Basilica of San Domenico / Places of worship in Siena

Severe architectural expression, one of the oldest places of worship in Siena

Overview of the Basilica of San Domenico

Little attractive from the outside – the construction embodies a severe austere Gothic style – the Basilica of San Domenico remains, however, an important stop on the sightseeing tour of Siena in general and of Terzo di Camollia in particular. It is one of the oldest places of worship of the city, older even than il Duomo itself, and it is home to the famed Chapel of Saint Catherine which shelters several relics of the Siena-born saint.

History of the Basilica of San Domenico

Built between 1226 and 1265, the current Basilica of San Domenico got to incorporate the essential Gothic additions that delineate its outlook at present during the 14th century. Works were, however, carried out until the 17th century, especially inside, with the intent of decorating the basilica (sculptural and pictorial works). Next to Casa-Santuario di Santa Caterina, the basilica is at present the second most important edifice part of the complex historically related to the saint.

Exterior of the Basilica of San Domenico

The structure features a robust outline and, due to both its height and its location on the high ground of the city, it provides scenic views of the urban skyline. This massive brick building is overtopped by an even higher campanile (located on the left of the church) which is said to have been taller than it is today, but following an earthquake in the late 18th century, its height was lowered.

Interior of the basilica of San Domenico

Chapel of Saint Catherine

By far, the most intriguing and, thus, appealing sight inside the basilica is the Chapel of Saint Catherine (Cappella di Santa Caterina). The chapel, which is located on the right wall of the nave, and paved with marble since the 15th century (the pavement renders scenes by Francesco di Giorgio), amasses a handful of artistic masterpieces: the Fainting and Ecstasy of Saint Catherine by Il Sodoma (around 1526), Saint Catherine’s Exorcism by Francesco Vanni (realized in the late 16th century), said to be a genuine portrait of the saint.

The highlight of the chapel is the altar which showcases the precious relics of the saint in a gilded reliquary: her head and a thumb (the rest of the body is in Rome). A chain is also exhibited: it is the tool the saint used for the mortification of her body. The altar and the frescoes are lighted at visitors’ discretion (they have to pay by dropping a coin in the attached box).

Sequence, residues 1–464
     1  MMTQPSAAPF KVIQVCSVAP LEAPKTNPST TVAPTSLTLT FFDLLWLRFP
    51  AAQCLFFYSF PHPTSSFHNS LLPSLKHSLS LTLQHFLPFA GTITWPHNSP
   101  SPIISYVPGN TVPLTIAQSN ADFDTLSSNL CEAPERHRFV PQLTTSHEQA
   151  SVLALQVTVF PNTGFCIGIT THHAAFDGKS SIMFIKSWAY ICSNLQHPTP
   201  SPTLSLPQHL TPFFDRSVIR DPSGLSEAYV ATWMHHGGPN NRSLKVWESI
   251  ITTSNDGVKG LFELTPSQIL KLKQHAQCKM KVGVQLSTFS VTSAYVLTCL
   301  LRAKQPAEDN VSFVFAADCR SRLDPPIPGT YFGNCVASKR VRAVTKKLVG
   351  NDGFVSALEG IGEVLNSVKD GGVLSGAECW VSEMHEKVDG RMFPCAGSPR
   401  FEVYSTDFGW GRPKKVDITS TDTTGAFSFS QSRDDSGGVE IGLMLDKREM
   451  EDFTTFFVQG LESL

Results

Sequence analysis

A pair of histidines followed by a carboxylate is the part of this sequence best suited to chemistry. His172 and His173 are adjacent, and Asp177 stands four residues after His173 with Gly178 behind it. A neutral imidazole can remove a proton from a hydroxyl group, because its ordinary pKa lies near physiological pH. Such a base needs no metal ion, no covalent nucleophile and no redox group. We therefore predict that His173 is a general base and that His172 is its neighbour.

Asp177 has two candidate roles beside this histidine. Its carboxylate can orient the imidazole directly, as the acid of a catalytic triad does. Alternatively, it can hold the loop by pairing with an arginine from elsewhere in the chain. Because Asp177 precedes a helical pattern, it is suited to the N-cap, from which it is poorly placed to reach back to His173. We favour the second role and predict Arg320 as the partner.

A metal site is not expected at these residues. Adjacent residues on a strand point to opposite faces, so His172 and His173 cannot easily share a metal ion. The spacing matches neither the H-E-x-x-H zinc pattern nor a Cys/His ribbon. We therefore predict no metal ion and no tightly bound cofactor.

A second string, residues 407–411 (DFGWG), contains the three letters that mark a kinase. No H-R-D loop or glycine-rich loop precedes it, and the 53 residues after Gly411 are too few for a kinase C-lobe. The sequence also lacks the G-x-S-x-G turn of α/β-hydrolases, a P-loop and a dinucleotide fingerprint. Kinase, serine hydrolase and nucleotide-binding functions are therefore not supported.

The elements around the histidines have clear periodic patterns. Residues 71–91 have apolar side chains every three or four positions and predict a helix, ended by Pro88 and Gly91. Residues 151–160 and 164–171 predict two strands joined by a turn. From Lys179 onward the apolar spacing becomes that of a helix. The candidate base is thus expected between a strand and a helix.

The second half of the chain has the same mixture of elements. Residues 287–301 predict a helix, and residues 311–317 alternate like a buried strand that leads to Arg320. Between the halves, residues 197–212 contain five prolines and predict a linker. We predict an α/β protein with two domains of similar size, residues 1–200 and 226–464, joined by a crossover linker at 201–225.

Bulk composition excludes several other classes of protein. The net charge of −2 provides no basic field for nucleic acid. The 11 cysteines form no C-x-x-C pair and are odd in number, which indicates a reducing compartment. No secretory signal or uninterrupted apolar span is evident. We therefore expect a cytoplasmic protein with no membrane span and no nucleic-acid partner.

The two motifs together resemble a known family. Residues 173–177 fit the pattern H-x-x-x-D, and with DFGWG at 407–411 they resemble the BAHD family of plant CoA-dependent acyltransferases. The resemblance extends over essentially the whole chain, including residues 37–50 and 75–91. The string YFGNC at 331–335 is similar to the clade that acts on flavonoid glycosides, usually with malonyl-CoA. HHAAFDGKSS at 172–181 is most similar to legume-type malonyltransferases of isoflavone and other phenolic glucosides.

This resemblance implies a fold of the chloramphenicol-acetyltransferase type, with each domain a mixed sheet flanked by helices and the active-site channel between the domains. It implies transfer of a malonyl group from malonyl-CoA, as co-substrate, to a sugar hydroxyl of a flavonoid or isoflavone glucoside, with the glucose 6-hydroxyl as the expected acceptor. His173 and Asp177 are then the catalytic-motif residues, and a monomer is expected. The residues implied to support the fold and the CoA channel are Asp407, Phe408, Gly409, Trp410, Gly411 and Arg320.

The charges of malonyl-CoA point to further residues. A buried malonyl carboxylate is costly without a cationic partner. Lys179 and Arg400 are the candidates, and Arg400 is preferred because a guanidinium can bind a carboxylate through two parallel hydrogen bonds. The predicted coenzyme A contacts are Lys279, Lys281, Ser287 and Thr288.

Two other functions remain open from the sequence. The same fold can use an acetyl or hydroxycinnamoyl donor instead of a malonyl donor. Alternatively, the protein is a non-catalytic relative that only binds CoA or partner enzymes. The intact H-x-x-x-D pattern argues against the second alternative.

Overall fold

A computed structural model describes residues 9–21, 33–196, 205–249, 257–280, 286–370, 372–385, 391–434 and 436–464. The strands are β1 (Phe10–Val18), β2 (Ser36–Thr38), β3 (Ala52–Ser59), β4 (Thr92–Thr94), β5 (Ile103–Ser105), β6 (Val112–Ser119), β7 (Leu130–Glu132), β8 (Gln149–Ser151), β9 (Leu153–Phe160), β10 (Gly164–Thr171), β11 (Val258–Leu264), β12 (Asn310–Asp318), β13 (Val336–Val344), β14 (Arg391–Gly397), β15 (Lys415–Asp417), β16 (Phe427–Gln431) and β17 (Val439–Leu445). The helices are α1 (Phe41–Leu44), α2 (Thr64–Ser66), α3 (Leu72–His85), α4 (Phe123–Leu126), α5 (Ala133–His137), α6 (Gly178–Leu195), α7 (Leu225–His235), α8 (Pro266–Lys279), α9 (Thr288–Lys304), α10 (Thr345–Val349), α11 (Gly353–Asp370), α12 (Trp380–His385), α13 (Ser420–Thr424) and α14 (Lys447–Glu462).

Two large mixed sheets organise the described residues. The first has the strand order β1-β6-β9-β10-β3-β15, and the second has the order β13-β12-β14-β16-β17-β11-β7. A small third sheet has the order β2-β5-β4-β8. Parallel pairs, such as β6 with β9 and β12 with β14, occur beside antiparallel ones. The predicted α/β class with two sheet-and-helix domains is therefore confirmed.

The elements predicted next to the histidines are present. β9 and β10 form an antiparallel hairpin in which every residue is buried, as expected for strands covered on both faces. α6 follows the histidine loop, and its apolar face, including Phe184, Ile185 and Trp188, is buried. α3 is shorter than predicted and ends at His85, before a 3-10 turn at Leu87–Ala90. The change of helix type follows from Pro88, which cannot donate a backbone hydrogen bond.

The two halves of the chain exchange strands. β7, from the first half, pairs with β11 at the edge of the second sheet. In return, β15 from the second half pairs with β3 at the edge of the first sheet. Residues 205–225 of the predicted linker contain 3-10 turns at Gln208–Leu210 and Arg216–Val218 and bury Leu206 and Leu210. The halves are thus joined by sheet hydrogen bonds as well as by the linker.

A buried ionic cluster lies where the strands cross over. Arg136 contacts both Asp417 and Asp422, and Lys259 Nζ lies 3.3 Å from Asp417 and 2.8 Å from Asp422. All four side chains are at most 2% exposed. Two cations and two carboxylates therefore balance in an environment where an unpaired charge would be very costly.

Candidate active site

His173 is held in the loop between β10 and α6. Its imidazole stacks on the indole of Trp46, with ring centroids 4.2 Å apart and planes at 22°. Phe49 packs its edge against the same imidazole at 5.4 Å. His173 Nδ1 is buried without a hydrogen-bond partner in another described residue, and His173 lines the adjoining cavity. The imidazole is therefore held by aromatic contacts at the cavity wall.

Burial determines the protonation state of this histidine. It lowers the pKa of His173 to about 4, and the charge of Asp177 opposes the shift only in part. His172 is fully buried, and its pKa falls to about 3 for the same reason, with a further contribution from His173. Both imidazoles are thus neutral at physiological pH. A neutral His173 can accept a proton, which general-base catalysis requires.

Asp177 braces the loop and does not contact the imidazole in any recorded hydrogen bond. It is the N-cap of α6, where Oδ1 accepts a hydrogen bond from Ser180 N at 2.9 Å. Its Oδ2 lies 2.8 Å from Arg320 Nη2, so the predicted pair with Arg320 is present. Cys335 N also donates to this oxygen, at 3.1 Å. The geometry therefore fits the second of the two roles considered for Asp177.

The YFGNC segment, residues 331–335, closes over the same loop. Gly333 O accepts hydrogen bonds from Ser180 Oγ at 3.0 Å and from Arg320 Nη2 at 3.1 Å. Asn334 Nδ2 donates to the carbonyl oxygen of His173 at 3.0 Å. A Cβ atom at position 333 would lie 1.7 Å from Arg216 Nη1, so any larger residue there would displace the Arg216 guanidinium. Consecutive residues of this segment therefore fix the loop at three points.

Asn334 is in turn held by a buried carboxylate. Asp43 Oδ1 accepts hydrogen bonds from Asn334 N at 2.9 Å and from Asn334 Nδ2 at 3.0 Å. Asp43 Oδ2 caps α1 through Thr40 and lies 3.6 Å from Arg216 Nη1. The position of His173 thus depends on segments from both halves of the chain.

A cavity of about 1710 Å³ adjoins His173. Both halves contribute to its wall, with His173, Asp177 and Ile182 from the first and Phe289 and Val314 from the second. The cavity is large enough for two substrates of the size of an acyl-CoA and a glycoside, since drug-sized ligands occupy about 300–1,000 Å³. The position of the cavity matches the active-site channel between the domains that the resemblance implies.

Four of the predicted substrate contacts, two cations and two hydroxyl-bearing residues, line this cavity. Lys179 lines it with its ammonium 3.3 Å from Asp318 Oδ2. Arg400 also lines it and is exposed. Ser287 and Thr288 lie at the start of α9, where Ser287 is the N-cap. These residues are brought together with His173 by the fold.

The chapel is flanked by a series of masterpieces, such as Stefano Volpi’s 1630 Appearance of the Virgin, Alessandro Casolani’s 1585 Nativity of the Virgin which adorn the altars on the same right wall of the nave, and, continuing after passing by the chapel, Francesco di Giorgio’s Adoration of the Shepherds, a fresco by Pietro Lorenzetti, Matteo di Giovanni’s lunette of great artistry and Bernardino Fungai’s predella.

Cappella delle Volte

The themes which have inspired the paintings on the wall of the Chapel of the Vaults are connected, unsurprisingly, to Saint Catherine’s life. Such are the Canonization of Saint Catherine by Mattia Preti, two paintings by Crescenzio Gambarelli (dating back to 1602) and the portrait of the saint on main wall.

Left side of the nave

On the wall opposite to the one where Cappella di Santa Caterina is located you can delight in admiring further works by reputed artists of the past. We speak here of Francesco di Vannuccio’s Madonna with Child, Il Sodoma’s Eternal with Saint, Rutilio Manetti’s Saint Anthony Abbot’s Exorcism, Sebastiano Folli’s Saint Catherine of Alexandria, Francesco Vanni’s Saint Hyacinth Saving a Statue of the Madonna from a Fire.


The transept also shelters several works of art, of which worth noting are the altar of the Blessed Ambrogio Sansedoni and his portrait by Francesco Rustici (1611-612); Matteo di Giovanni’s Madonna with Child and Saint Jerome and John the Baptist (adorning the third chapel in the transept); the works of Guido da Siena (the Majesty), Benvenuto di Giovanni and Giuseppe Nicola Nasini (in the fifth chapel). The array of masterpieces in the transept is complemented by an altar dedicated to Saint Dominic.

Other highlights

If you want to make a complete tour of the basilica, you can also think about visiting the crypt. This one, which embodies a Gothic expression, is home to a crucifix by Sano di Pietro and a Crucifixion scene by Ventura Salimbeni. Other significant works of art refer to the mid-15th century angelic representations by Benedetto da Maiano (located on the altar’s ciborium), Arcangelo Salimbeni’s 1579 scene of the Death of Saint Peter Martyr, and to Galgano Perpignani’s Saint Thomas and the Pope (the latter two located in the apse).

A bookshop with materials (books, video and music CDs) on the life of the saint and on the city of Siena has been set up by the basilica’s officials. A great stop of pilgrims and religious tourism aficionados.

Further information

The table below lists all information on address of the Basilica of San Domenico and contact. Guided visits are also available.

Basilica of San Domenico / Basilica Cateriniana di San Domenico
Via Camporegio, 2, Piazza San Domenico, 53100, Siena, Italy‎
0039 0577 286848
[email protected]

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Casa-Santuatio di Santa Caterina da Siena

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Water Museum

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